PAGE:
Torn between HughesNet vs. Frontier? Learn more about each of these internet service providers by exploring their plans, bundles, and reviews to see which high-speed internet fits your lifestyle and needs.
Reliable, high-speed internet used to be just a dream for those living in rural areas outside of the city. Rural internet was notoriously slow, and internet plans were expensive. The thought of needing to compare HughesNet vs. Frontier internet was inconceivable because most places only had one internet option—if getting internet service was even possible.
Today, satellite internet is faster than ever. There are many satellite internet service providers, so no matter where you live in the US, internet is available. DSL providers like Frontier are expanding their coverage but depending on where you live, satellite internet from HughesNet may be faster. Decisions, decisions—HughesNet vs. Frontier internet?
HughesNet satellite internet Gen5 plans have speeds of up to 25 Mbps without any hard data limits, built-in wireless internet, and the HughesNet price lock guarantee for two years. HughesNet internet plans are priced by data usage starting at 10 GB and going up to 50 GB. If you go over your data plan during the month, you won’t be charged any fees or have your service cut off; however, the speed will be reduced until the next billing cycle. If you need full-speed internet, you can purchase a data token. HughesNet customers are given 50GB of bonus data each month to use HughesNet internet service during the Bonus Zone, off-peak hours from 2 a.m.-8 a.m. Best of all, HughesNet offers free standard installation by a HughesNet technician for a limited time.
When comparing HughesNet vs. Frontier reviews, location is important. Actual Frontier internet speeds depend on how far you live from the Frontier hub because DSL uses existing phone lines to deliver internet service. Frontier internet plans start at 6 Mbps download speeds and go up to 18 Mbps. If you’re a light internet user, mainly browsing the internet on a single device and seldom streaming or downloading content, Frontier may be more affordable. The cheapest Frontier internet option is less expensive than the cheapest HughesNet option but Frontier internet speeds are slower. Frontier internet customer service is known for being reliable and helpful, so you may want to call Frontier customer service to determine the best options for you.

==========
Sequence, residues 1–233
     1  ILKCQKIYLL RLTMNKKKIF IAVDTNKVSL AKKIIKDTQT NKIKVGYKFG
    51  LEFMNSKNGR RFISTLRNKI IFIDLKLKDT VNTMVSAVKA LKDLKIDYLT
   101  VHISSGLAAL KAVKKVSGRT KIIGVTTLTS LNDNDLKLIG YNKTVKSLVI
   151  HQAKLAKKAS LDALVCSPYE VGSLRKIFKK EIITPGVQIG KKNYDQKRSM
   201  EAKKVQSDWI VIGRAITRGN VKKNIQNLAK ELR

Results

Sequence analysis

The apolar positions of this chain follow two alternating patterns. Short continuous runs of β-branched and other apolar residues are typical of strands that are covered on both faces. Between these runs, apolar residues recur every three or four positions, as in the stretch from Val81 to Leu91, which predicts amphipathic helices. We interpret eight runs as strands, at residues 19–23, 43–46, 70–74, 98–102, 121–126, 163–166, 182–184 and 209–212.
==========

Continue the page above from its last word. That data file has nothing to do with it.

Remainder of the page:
When deciding on HughesNet vs. Frontier internet for gaming, each provider has its pros and cons. HughesNet reviews report great news on turn-based games, but satellite internet does not typically work with multi-player role-playing games like shooter games or racing games. Even the fastest satellite internet service today has a slight latency of .05 seconds, which is not noticeable for everyday internet usage, but doesn’t work for these quick-decision games. Frontier internet reviews advise that you need 10-20 Mbps download speeds to play these games with DSL. The conclusion—if shooter games are essential, you may not be able to get the speed you need from HughesNet or Frontier internet, unless you live in an area with Frontier FiOS.
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